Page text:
Lowdown on the large-format metal additive manufacturing machines from Adira and GE Additive

Adira's AC (addcreator) metal 3D printer

On day one of formnext, one of the first stands I walked past was Adira's. I was still finding my bearings at the show, which this year was spread across two floors, four storeys apart (for the record, I never found them). The stand was mostly taken up by a very large machine with a notice on the bridge platform that allowed visitors to see inside, which read: ‘The World’s Largest Metal Part Printer!’ I made a mental note to return.

The first press conference at formnext was hosted by GE Additive, which unveiled the beta metal additive manufacturing (AM) machine of the Project A.T.L.A.S. (Additive Technology Large Area System) program, which GE is referring to as its ‘meter-class, laser powder-bed fusion machine’.

The machine has an X, Y build plate of 1.1 x 1.1 m, with a Z axis up to 30 cm. But according to Mohammad Ehteshami, vice president and general manager of GE Additive, this is just the beginning. Scalability is the key here, and the GE team was keen to point out that this can go much bigger in the Z axis. This scalability is courtesy of the process set-up, whereby the powder bed is moved across the build plate to deliver the material layers.

The machine is branded as a Concept Laser machine. It was developed and produced in Lichtenfels, Germany, under the direction of Frank Herzog, chief executive officer (CEO) and founder of Concept Laser, now a GE company since GE Additive acquired a majority shareholding last year. The Lichtenfels facility is set to increase in size and capacity to accommodate the Project A.T.L.A.S. program.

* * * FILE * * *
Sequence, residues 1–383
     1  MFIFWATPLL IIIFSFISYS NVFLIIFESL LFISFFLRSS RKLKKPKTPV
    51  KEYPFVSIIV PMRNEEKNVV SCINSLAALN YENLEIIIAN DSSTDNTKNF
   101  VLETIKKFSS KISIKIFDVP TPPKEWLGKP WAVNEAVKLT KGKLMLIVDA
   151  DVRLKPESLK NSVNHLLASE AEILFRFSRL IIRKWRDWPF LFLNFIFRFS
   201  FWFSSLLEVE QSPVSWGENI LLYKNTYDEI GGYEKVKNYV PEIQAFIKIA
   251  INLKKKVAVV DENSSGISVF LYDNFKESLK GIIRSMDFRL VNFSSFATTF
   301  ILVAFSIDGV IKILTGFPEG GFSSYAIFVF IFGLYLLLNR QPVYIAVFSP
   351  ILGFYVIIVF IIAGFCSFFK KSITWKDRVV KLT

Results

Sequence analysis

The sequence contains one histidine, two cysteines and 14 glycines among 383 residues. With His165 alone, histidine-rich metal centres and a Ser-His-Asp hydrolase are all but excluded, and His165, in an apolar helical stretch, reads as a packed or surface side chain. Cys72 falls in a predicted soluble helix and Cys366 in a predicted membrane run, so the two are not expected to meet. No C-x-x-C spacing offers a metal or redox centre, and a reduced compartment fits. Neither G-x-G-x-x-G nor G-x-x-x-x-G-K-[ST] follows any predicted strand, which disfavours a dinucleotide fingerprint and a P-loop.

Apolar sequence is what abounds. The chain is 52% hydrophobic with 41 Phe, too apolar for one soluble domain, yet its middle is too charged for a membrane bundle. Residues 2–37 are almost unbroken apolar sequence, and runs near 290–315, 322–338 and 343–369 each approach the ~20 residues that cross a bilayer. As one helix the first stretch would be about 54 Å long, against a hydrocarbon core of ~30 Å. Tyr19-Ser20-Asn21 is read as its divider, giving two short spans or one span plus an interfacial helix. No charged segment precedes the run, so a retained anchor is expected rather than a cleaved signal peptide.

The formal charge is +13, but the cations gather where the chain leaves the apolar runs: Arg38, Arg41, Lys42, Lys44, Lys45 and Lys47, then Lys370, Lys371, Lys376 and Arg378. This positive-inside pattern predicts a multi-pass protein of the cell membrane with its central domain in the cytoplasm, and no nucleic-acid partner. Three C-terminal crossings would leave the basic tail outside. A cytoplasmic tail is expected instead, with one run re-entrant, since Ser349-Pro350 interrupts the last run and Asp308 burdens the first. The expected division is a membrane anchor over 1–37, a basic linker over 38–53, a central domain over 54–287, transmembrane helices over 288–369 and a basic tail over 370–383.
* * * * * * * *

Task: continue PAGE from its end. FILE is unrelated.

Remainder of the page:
Once the GE press conference ended, I took the opportunity to ask about Adira, but nobody seemed to be aware of the company, and on Wednesday morning I headed for the stand to find out more.

The machine is called AC—addcreator—and the process, I noticed this time, is called tiled laser melting, a registered trademark. Also prominent on the machine were two new posters—one stating ‘SOLD’ (to Poly-Shape) and a smaller one highlighting a partnership with Siemens, which looked very much like an endorsement, in reference to the process controls and software.

I sat down to speak with Francisco Cardoso Pinto, executive vice chairman of Adira, who told me that the company is headquartered in Canelas in Portugal, with a 60+ year history in sheet metal forming machinery. Since 2000, the company has developed and commercialized laser machining solutions and three years ago began R&D into additive manufacturing. The company has been flying low under the radar, but the AC concept was apparently introduced last year at the Euroblech Hannover event, and had press coverage from TCT Magazine in November 2016, when it was presented as a conceptual platform.

Adira is claiming the AC is a production machine, that the company holds global patents and its primary IP is on the environmental controls of the powder delivery, which moves over the 1.2 x 1.2 m build plate (X, Y), with a 50 cm Z axis, to ensure conditions are optimal to control spatter and prevent oxidation.

There’s definitely more to come from this story.

About Rachel Park

Rachel is a passionate advocate of additive manufacturing/3D printing technologies and the industry that has sprung up around it. However, as the hype and hyperbole has gathered momentum, her aim is always to offer a reasoned voice in the midst of inflated expectations and to cut through the noise in order to provide a realistic outlook of how things are.